articles 59041 peshawar2

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Published on February 11, 2008

Author: Dionigi

Source: authorstream.com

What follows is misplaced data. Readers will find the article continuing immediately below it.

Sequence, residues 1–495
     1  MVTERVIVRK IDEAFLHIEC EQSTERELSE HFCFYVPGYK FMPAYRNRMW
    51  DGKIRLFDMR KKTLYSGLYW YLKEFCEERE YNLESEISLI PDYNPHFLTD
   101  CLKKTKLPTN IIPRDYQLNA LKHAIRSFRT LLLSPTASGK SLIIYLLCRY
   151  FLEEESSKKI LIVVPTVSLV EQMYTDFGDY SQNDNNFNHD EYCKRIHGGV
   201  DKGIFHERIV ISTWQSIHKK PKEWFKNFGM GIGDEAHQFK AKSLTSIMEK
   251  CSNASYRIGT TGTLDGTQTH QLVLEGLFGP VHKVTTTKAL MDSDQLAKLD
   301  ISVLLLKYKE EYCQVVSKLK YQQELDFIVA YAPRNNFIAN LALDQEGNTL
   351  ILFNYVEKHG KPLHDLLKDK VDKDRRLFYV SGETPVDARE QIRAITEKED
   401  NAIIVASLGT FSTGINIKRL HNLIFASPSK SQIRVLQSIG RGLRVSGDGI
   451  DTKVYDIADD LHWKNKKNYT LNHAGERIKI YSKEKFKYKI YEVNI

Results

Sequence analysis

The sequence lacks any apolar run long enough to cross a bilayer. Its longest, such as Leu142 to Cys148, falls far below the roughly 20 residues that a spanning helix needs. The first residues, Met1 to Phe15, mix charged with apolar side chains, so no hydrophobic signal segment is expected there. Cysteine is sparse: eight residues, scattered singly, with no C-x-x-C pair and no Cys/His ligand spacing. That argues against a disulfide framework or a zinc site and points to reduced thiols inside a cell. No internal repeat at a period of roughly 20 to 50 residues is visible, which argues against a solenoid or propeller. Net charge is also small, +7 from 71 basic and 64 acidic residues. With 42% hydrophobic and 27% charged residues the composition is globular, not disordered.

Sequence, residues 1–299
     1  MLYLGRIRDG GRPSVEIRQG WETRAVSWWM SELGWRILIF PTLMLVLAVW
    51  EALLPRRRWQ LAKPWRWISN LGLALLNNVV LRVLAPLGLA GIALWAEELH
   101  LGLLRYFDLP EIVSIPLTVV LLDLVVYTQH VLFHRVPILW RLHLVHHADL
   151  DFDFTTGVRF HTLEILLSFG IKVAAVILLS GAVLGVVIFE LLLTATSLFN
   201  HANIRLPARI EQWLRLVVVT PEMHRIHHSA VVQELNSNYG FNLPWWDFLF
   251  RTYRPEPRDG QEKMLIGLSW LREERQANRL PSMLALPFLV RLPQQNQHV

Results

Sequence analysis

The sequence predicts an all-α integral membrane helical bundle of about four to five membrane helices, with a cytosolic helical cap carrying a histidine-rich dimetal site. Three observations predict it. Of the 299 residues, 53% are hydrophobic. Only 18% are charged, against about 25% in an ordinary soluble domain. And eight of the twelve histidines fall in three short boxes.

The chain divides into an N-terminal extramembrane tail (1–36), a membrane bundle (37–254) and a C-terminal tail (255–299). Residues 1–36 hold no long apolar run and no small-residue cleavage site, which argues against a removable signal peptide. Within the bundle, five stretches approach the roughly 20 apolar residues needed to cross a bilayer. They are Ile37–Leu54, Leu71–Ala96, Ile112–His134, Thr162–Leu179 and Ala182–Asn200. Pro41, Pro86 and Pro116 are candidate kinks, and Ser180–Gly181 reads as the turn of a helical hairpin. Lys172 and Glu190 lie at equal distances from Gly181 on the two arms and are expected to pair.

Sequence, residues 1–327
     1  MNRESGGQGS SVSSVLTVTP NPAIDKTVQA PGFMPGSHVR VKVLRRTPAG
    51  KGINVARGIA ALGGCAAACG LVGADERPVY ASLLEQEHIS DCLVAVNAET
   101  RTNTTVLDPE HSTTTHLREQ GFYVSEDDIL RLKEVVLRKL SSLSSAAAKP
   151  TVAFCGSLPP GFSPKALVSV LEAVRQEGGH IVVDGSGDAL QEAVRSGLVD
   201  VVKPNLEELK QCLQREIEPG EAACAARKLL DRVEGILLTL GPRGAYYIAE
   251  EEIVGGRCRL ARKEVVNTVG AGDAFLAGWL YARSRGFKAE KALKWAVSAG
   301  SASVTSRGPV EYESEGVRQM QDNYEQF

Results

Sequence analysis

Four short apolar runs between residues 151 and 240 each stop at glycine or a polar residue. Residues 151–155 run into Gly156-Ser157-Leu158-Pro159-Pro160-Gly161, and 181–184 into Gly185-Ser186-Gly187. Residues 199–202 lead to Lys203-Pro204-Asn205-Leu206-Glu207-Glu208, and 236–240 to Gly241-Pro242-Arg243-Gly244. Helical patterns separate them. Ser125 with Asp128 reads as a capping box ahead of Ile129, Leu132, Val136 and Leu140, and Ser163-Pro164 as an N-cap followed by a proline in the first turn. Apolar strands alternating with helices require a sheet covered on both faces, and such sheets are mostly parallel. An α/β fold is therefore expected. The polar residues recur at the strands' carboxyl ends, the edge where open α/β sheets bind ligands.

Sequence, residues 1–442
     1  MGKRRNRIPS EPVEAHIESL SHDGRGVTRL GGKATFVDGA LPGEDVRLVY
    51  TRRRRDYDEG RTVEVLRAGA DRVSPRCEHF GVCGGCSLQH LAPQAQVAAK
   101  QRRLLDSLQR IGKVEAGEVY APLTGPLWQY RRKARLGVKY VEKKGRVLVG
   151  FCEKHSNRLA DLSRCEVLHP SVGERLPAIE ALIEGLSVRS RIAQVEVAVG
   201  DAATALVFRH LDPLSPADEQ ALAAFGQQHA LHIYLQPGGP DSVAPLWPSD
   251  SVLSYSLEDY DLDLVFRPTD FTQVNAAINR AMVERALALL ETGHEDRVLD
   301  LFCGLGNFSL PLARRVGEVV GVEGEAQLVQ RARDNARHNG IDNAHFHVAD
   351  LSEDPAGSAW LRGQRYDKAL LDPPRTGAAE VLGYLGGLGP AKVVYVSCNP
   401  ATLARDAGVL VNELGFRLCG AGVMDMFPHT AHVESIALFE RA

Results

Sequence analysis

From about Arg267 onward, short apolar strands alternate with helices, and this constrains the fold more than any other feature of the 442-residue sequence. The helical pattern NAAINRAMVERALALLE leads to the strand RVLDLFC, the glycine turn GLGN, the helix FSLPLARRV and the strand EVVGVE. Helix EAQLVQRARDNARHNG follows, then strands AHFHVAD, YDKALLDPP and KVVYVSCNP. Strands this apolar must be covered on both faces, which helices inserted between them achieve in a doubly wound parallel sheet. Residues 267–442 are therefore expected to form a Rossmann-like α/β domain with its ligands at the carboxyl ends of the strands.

AIR POLLUTION IN PESHAWAR NWFP-PAKISTAN :  AIR POLLUTION IN PESHAWAR NWFP-PAKISTAN Shams-ur-Rehman Chief Analyst ENVIRONMENTAL PROTECTION AGENCY GOVERNMENT OF NWFP, PESHAWAR (PAKISTAN) Historical Background:  Historical Background Clean air is the blessing of nature and a pre-requisite for the survival of human life. With rapid increase in population, urbanization and industrialization, air pollution is becoming very common problem especially in urban areas of NWFP. The large influx of Afghan refugees during the past 15 years has also led to a greater demand for more food, more shelter, more transportation and more manufacturing activities which has ultimately resulted into chronic air pollution problem particularly in Peshawar. Major problems are from automobiles exhaust emissions, industrial emissions, specially from brick kilns factories, domestic burning and wind blown dust arising from unpaved roads. Status of Air Pollution in Peshawar :  Status of Air Pollution in Peshawar Air Pollution in Peshawar in 1993 DHV Consultant BV, Netherlands carried out air pollution measurements in May, 1993. Table-1 Concentration of polluting component in ambient air in ug/m3 Concentration of CO (8 hours average) at different spots in Peshawar City in 1995 (Permissible level = 9 ppm):  Concentration of CO (8 hours average) at different spots in Peshawar City in 1995 (Permissible level = 9 ppm) Concentration of Nitrogen dioxide (8 hours average) at different spots in Peshawar in 1995 (Permissible Level = 0.05 ppm):  Concentration of Nitrogen dioxide (8 hours average) at different spots in Peshawar in 1995 (Permissible Level = 0.05 ppm) Main Sources of Air Pollution in Peshawar :  Main Sources of Air Pollution in Peshawar Vehicular Emissions Industrial Emissions Emissions From Brick Kiln Factories. Massive Burning of Solid Waste/Refuse Domestic Burnings Vehicular Pollution:  Vehicular Pollution Carbon Monoxide, Nitrogen Oxides, Smoke, Dust, Hydrocarbons and Tetraethyl lead are the main components of vehicular emissions poured into the urban air. Fuel adulteration and use of ill-maintained vehicles enhances emissions from motor vehicle exhaust. A large amount of suspended dust is generated due to vehicles driving on unpaved road shoulders, poorly maintained and overcrowded roads. In Peshawar, being a boarder City of Afghanistan, the large influx of Afghan transporters has greatly increased the problem of air pollution. Industrial Emissions:  Industrial Emissions Industrial emissions from chimneys is also a source of air pollution in Peshawar. In NWFP there are about 1500 industrial units with 305 Chips and Stone Crushers as well as 450 Brick Kilns. The industrial units in NWFP are scattered over a vast stretch of the province with greater concentration in and around the cities of Peshawar, Haripur, Charsadda, Nowshera and Gadoon Amazai. Stake emissions from most of the industries are unregulated and uncontrolled except few industries which have installed treatment facilities. Emissions From Brick Kilns:  Emissions From Brick Kilns Approximately 450 brick kilns are situated in and around Peshawar City. Taking a monthly average a brick kiln producing 800,000 bricks uses large amount of rubber to start the fire and burns a total of eight tons fire wood, 200 tons of low quality coal, 20 drums of used mobile oil. The combustion of old rubber Tyres and used mobile oil in these factories emits hydrocarbons, carbon monoxide and sulphur dioxide The emissions from brick kilns also include many other toxic pollutants such as Nitrogen Oxides (NOx), Carbon monoxide (CO) and Dioxins, which is believed to be carcinogenic. The increased number of Brick Kilns situated in the Province particularly in Peshawar have almost doubled the level of air pollution mainly due to the use of large amount of rubber, low quality of coal and used oil for burning purposes e.g. 67% PM10, 13% CO, 6% NOx, and 49% SO2 are contributed by brick kilns. Massive Burning Of Solid Waste/Refuse:  Massive Burning Of Solid Waste/Refuse In NWFP generation of municipal solid waste is estimated to be between 0.6 to 0.8 Kilograms per day per capita and virtually there does not exist any appropriate waste management system. Approximately 40% of the generated wastes remain at collection points, or in streets, where they emit a host of pollutants into the air, making it unacceptable for breathing. Also the roadside and on dump burning of the municipal solid waste's generates create air pollution problem. Burning of the wastes generates Furan and Dioxin gases which on inhaling produce diseases even worse than cancer. Domestic Activities:  Domestic Activities Domestic burning of fuel i.e. wood, animal dung especially in rural areas also contributes to air pollution. The burning of garbage, straw and other things for domestic uses may produce air pollution although on small scale but a potential cause of health problem. Dust arising from small scale domestic activities also contributes to over all air pollution in the urban areas. In city center and bazaars the numerous outside food stalls and restaurants also cause local air pollution due to frying meat in oil and roasting on charcoal fires. Air Pollution Control Legislation:  Air Pollution Control Legislation 1. Pakistan Environmental Protection Ordinance, 1983 2. National Environmental Quality Standards (NEQS) of Pakistan 3. Pakistan Environment Protection Act, 1997 In NWFP the following legislation is present for control of air & noise pollution.   i) NWFP local Govt. ordinance, 1979 (section-54 & 56). ii) Pakistan Panel Code (1860), (Section 278). iii) Motor Vehicles Ordinance 1965 & Motor Vehicles Rules, 1969 (Section 163 (1)). iv) Factories Act, 1934 (Section 39). v) West Pakistan Regulations Control of Loud Speakers & Sound Amplifiers Ordinance, 1965. Air pollution Control Measures by EPA, NWFP:  Air pollution Control Measures by EPA, NWFP 1. Auto-Emissions Establishment of Vehicular Emission Testing Station (VETS) in 1997, which has tested so far more than 50,000 vehicles. Contribution of Vehicle Emission Testing Station Air pollution Control Measures by EPA, NWFP:  Brick Kiln Emissions The use of rubber in brick kilns was banned by the Provincial Govt. orders issued through a handout on October 13, 1999. Accordingly, EPA issued notices to most of the brick kilns to immediately stop the use of rubber in their kilns. A programme was initiated for the Brick kiln Owner Association under a GTZ assisted project for giving them training in good house keeping, energy saving thus indirectly decreasing the emission levels. Air pollution Control Measures by EPA, NWFP Urban Traffic Management Plan:  Urban Traffic Management Plan The existing road transport plans of Peshawar do not fulfill the requirements of the whole population residing in Peshawar City. Many commercial areas and residential colonies are not accessible by the present public transport system and the public are compelled to use private cars, taxies and auto-rickshaws to approach these areas. EPA, NWFP is working on a project to design such a public transport management system which fulfill the requirements of the whole public residing in the city. This is a long term project which need a lot of investment but the activity is on high priority at the Provincial Development Program. Air Pollution Measurement & Present Status of Monitoring System for Air Quality :  Air Pollution Measurement & Present Status of Monitoring System for Air Quality An effective monitoring requires reliable ambient air pollution measurements equipments and permanent monitoring stations. Presently none of the agency has yet installed permanent monitoring stations for air pollution measurements. EPA is going to acquire mobile laboratory in the near future through a mega JICA grant which shall be used for monitoring of liquid effluent and air emissions from industries, municipalities and motor vehicle exhaust. In the present circumstances, EPA, NWFP carry out random monitoring/measurements of air pollutant gases such as carbon monoxide, nitrogen oxides, sulphur dioxides and noise level with the help of portable pocket gas detectors.